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Strayhorse Canyon Trail #20
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2016-06-16  
mini location map2016-06-16
16 by photographer avatarfriendofThundergod
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Strayhorse Canyon Trail #20Alpine, AZ
Alpine, AZ
Hiking avatar Jun 16 2016
friendofThundergod
Hiking18.28 Miles 2,993 AEG
Hiking18.28 Miles
2,993 ft AEG
 
1st trip
Linked none no linked trail guides
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This was suppose to be the first of two overnight trips I had planned for my four days in the Primitive Blue Range. I knew it was going to be hot at the Blue River, so I made sure to be ready to leave by pretty early in the morning. However, I completely negated that plan by deciding to visit Rose Peak first thing in the morning. My start time ended up being just past 7 in the morning, but I was already way behind the mental calculations I had did in my head for getting myself and Blanco to camp, before the warm temperatures reached their might at the Blue.

Despite the late start, the hike immediately began to pay dividends as I heard a crash through the woods and looked up in time to see a big brown bear running down the canyon. However, oddly enough the bear only ran about 25 meters or so and then stopped, enabling Blanco and I to catch up to her again. We shared eye contact for a few minutes and I tried to snap some pictures with the Iphone, but with no great shots I pulled Blanco down the trail about 20 feet and the bear just went back to her routine. At this moment I noticed she also had a cub with her, so I did not press for a good shot and from a safe distance I got as many horrible Iphone pics as I could and then left. But it was by far and away my most rewarding/complete bear encounter. We watched her go about a routine of itching herself on a tree and foraging on various leaves and ferns for what seemed like at least five minutes, before basically leaving out of boredom, as nothing overly exciting was happening, the bear had no intentions of leaving and I was not willing to get any closer for a better shot with her cub near.

Although it will start to sound like a fish story from here, Blanco and I ran into two more bears at the old cabin ruins, probably less than a mile up the trail. This time the sow was not in the mood for a photo shoot, but she did seem very annoyed by the fact that her cub ran left and she ran right, somewhat putting Blanco and I between the two of them. I literally attempted one picture and then just headed down the trail, trying to convey indifference to the big sow, in hopes of not agitating her. We left the old cabin area and the real hiking seemed to begin. The trail was in generally good shape and there was ample amounts of water in Strayhorse Creek. However, I began to realize that I was already a little warm and so was Blanco. I checked my G.P.S and it still showed a solid 4 miles to the Blue, plus another 3.5 down the Blue and another one to camp. At this moment, I decided that I was not willing to death march Blanco and myself across some pretty rugged terrain in the mid 90s. As much as it annoyed me to know that I was now signing up for an 18 mile day hike with a full pack, I headed back to the TH. The upper elevations were simply too nice and there was now opportunities to maximize my time in the Blue Range, by adding in some day hikes for Friday.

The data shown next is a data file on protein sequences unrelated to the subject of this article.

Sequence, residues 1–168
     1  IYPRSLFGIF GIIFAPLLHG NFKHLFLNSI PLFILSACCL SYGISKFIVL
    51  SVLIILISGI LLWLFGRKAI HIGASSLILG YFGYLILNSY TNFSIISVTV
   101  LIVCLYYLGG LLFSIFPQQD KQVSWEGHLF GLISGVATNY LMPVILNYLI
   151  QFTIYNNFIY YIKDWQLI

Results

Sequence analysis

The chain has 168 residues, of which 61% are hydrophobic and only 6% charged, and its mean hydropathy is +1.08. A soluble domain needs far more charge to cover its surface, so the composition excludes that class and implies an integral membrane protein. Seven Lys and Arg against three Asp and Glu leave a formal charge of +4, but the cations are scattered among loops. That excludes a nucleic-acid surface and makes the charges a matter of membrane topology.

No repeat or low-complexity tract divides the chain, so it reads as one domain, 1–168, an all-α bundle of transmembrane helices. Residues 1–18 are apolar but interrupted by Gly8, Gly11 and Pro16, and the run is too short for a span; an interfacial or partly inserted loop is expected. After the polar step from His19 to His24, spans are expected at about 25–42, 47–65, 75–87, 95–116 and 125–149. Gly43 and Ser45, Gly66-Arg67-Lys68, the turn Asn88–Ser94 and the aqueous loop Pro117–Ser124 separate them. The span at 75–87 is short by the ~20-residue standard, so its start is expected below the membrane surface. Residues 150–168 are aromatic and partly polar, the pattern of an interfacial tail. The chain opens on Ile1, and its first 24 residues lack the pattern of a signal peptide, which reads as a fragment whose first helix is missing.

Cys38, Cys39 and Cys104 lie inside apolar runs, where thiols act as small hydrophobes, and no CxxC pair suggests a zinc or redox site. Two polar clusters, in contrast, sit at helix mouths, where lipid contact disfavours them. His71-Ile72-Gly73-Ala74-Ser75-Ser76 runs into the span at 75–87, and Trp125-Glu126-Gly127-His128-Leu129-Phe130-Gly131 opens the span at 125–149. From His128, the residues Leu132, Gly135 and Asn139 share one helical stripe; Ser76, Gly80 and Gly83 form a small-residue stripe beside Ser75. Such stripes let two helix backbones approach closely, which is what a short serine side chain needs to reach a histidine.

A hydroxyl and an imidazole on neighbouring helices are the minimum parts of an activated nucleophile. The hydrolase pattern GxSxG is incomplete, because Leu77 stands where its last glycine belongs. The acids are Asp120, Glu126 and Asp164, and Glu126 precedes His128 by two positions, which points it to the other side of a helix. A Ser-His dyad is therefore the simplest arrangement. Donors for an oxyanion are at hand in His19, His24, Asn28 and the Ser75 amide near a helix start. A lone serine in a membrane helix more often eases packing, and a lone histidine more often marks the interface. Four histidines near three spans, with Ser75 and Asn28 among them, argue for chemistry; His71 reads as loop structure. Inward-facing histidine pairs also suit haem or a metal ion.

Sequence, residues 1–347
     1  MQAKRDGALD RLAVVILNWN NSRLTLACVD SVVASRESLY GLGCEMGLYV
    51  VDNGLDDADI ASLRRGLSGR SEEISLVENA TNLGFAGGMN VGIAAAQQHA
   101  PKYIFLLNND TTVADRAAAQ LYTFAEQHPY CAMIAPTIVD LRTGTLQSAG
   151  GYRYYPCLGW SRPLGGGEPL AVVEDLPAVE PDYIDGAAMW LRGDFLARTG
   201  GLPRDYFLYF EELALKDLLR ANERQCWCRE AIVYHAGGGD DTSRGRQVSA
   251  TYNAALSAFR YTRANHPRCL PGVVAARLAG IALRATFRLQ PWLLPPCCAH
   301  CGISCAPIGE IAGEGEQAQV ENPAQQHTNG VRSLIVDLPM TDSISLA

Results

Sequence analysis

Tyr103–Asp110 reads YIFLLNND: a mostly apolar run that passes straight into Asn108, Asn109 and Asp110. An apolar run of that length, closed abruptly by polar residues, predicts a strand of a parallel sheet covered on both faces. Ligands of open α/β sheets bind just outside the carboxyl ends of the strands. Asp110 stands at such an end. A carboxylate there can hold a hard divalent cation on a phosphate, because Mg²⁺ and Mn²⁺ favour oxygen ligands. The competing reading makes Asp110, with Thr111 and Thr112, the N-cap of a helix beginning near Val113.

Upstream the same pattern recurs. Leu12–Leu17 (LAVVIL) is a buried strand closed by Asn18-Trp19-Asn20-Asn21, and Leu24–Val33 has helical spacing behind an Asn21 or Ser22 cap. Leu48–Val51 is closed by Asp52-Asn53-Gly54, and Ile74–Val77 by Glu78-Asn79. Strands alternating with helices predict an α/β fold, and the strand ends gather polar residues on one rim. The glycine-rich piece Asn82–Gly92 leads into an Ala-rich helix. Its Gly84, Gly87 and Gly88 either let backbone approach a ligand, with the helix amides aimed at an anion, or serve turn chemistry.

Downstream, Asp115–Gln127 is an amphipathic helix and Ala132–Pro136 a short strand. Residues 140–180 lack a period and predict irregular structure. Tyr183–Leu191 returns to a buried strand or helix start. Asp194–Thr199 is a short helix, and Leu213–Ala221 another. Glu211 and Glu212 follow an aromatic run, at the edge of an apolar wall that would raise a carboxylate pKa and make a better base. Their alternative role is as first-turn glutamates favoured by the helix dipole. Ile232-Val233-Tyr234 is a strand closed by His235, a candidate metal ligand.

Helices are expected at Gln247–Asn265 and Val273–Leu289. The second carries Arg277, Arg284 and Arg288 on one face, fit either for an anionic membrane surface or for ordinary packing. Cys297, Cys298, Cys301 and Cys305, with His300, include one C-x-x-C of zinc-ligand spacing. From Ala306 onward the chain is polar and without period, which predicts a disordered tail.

One more boring bear sighting on the way back and a lot of digging in deep to make the nearly 3000 feet climb back to the TH. Still annoyed about carrying my heavy pack all day, I found some silver linings, cool bear sightings, good training for the Colorado Trail, Cavs v. Warriors on XM radio and chances to cover more new ground with a slack pack the next day.

Final Notes

The trail was generally in pretty good shape, but as you near the Blue the route can become more faint and easy to lose at times. Some stretches are cairned or blazed well and the creek crossing may take a second look or two in order to locate the trail.

I ran into the fire watch after my hike and he said the reason I saw so many bears may be attributed to the fact that they dump problem bears from parks up north at that very trailhead. I have no idea if what he said was true, but could be something there, who knows? It might explain why the first sow did not seem to mind our presence.
Fauna
Fauna
Black Bear
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